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AFC Roundtable: Dolphins 2019 recap with The Phinsider

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NFL: NOV 03 Jets at Dolphins Photo by Doug Murray/Icon Sportswire via Getty Images

Throughout the offseason, I will be running through a series of Q&As with our fellow SB Nation blogs across the AFC. The ball gets rolling with a recap of the 2019 season, while previews of the 2020 Draft, training camp, and the 2020 season are to come later on.

We continue with a team in Florida that vastly exceeded its historically low expectations — the Miami Dolphins. Kevin Nogle of The Phinsider was able to answer a few questions regarding Miami’s 2019 campaign.


1. The Dolphins aggressively gutted their roster prior to the season, entering Week 1 with the potential to be one of the worst teams the league has ever seen. For four weeks, the Fins looked every bit as historically awful as they were pegged to be. Then, they came out of the bye week as a substantially more competitive team, putting it all together against the Jets a few weeks later to kickstart a shocking 5-4 finish. What were the biggest reasons for Miami’s incredible turnaround, and what can be said about the job Brian Flores did in his debut season?

I think it was a couple of things, the first being buy-in by the players. After months of hearing how the Dolphins were tanking and looking to not win a single game this season, Brian Flores proved to the team, he was not looking to lose. Moving to Josh Rosen and then back to Ryan Fitzpatrick demonstrated he was committed to winning this year, and the players bought into that and started playing like a professional football team. They may have faced a talent gap - Miami is one of two teams to have no players selected to the Pro Bowl - but they were not going to roll over and wait for 2020.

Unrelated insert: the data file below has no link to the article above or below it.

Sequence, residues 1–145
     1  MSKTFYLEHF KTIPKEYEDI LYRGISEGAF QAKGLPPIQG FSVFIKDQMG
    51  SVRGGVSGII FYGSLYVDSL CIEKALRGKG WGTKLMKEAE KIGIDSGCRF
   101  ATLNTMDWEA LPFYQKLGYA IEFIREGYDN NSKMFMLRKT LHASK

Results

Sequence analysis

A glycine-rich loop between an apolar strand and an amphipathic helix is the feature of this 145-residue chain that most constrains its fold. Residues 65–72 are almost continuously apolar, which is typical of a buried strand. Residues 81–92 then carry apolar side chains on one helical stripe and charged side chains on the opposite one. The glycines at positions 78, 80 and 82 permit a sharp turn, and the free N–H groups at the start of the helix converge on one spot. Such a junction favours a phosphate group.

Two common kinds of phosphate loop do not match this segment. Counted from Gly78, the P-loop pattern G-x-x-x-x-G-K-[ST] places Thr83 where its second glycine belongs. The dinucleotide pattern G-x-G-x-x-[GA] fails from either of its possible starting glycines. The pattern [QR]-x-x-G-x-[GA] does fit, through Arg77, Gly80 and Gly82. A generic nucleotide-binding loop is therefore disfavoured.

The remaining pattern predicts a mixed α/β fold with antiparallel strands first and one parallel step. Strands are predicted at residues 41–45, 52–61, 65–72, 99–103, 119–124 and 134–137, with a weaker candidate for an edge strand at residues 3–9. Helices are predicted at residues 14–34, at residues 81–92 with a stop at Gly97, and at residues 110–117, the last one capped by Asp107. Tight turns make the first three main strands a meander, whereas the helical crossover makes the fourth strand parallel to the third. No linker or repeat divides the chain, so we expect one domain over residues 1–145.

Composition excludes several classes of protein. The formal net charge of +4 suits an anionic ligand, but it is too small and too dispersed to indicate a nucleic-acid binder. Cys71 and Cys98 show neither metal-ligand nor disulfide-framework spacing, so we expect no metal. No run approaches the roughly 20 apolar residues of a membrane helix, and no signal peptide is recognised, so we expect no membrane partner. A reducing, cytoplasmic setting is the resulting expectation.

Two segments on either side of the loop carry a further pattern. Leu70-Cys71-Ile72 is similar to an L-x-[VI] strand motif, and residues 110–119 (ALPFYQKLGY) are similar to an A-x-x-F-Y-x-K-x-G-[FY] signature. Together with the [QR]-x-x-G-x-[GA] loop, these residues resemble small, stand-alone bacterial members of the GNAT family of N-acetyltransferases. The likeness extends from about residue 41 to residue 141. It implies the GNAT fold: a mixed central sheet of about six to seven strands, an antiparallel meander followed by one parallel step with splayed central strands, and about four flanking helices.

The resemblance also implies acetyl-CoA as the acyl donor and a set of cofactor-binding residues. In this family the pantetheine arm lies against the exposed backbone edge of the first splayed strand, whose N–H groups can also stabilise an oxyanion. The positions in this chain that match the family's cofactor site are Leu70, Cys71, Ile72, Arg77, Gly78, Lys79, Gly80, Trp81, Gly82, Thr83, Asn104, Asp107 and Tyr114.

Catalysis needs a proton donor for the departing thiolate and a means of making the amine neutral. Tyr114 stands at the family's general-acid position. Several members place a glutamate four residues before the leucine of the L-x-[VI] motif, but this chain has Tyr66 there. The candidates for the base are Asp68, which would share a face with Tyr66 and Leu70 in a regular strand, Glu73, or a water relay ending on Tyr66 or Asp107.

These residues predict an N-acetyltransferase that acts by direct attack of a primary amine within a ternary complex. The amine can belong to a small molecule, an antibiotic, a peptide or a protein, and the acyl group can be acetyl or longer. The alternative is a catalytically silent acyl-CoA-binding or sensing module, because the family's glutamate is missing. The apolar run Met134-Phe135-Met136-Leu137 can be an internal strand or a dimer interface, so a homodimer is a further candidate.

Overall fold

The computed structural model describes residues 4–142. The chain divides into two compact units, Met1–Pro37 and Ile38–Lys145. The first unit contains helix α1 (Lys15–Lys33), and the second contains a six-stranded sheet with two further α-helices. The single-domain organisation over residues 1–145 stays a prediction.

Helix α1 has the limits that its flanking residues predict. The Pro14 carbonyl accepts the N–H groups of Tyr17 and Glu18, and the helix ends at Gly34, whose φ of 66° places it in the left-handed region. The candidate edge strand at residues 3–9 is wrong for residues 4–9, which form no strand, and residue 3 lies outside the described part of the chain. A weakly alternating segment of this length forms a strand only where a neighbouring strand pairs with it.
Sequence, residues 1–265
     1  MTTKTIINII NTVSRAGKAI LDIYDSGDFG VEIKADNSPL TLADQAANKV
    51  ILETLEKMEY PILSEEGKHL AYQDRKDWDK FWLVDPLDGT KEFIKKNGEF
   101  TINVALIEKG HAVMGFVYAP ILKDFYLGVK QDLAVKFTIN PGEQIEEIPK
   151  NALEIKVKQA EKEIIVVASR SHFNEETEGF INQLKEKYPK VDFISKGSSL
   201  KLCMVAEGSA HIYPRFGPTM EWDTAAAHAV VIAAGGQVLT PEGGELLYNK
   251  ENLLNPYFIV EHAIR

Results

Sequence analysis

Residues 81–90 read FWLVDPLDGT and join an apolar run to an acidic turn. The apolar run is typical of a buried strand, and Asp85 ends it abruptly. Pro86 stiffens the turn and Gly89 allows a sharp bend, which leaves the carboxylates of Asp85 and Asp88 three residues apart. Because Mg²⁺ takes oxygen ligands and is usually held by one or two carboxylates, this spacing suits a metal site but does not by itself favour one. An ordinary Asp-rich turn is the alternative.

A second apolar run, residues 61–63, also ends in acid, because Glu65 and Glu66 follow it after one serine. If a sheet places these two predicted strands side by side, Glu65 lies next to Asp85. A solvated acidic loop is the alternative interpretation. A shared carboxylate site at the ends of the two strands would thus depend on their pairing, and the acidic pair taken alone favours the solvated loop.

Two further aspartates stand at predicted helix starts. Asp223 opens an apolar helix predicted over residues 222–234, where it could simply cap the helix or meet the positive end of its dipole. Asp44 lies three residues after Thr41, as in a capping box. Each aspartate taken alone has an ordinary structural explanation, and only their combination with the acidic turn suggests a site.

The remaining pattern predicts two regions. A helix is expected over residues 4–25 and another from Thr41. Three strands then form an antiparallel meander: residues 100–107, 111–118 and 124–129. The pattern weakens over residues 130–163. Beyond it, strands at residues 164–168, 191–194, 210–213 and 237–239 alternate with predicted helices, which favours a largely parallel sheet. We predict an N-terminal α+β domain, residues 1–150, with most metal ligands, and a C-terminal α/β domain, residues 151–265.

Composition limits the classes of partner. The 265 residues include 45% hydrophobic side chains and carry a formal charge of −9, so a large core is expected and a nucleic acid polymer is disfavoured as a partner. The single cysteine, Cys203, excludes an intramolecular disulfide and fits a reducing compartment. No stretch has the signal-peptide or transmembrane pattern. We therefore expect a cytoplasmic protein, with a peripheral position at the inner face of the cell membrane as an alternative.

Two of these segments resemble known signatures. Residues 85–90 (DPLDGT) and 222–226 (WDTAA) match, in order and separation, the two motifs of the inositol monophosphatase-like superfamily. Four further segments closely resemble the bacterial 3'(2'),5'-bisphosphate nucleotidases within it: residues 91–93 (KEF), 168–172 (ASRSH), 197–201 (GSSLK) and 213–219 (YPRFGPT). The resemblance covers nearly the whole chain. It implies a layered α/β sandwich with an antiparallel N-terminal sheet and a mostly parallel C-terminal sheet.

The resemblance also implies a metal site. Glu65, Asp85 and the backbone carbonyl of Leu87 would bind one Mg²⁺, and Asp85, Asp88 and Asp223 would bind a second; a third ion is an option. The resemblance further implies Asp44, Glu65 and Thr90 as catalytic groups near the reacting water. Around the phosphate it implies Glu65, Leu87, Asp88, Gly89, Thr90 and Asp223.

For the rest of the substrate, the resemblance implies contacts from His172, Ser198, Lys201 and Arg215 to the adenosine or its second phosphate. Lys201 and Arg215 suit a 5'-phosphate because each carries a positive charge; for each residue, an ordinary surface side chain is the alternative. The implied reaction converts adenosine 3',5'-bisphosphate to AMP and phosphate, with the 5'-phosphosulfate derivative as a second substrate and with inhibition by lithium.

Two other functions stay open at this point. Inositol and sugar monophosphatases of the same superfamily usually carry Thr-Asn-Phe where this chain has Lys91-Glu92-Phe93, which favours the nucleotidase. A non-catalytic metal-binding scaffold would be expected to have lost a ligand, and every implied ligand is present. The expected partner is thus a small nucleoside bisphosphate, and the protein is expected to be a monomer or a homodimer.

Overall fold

The second piece is probably just growth. If anything, Flores and the coaching staff showed they can develop players and they can move players into positions where they will shine. The Dolphins played more players during this season than any NFL team had ever played, and they did a good job of finding gems who can develop into contributors in the rebuilt Dolphins of the future. Undrafted free agents, waiver claims, free agents, practice squad poaching, the Dolphins did a good job of looking for talent in the depths of rosters. Players like Preston Williams and Nik Needham grew throughout the summer and into the season - though Williams ended up on injured reserve.

The third thing I will briefly mention is Ryan Fitzpatrick. His attitude and play style spread across the team, and they refused to ever give up. That was impressive all season.

2. DeVante Parker enjoyed a breakout fifth season, smashing his previous career bests across the board and looking like one of the most dominant receivers in football. What were some of the factors (both personal strides and surrounding elements) that led to his emergence?

Health. That really is it. Parker managed to stay healthy all year, and it showed in his production. He has always had the talent, and it has flashed at times in the past, but this year, there was never the nagging injury - hamstring, groin, etc. - that made him a step slow. He seems to have learned what it means to take care of yourself and your body as a professional, and it all came together this year. The biggest part of this is, Parker is the perfect example of a player who needs time to adjust to the NFL and grow as a professional. Miami has too many examples of players they have released or traded early in their rookie contract, then they show up somewhere else and play well. Parker shows a player can develop in Miami as well.

3. What is the future of the quarterback position in Miami? Is it a lock that they will pick a quarterback at No. 5?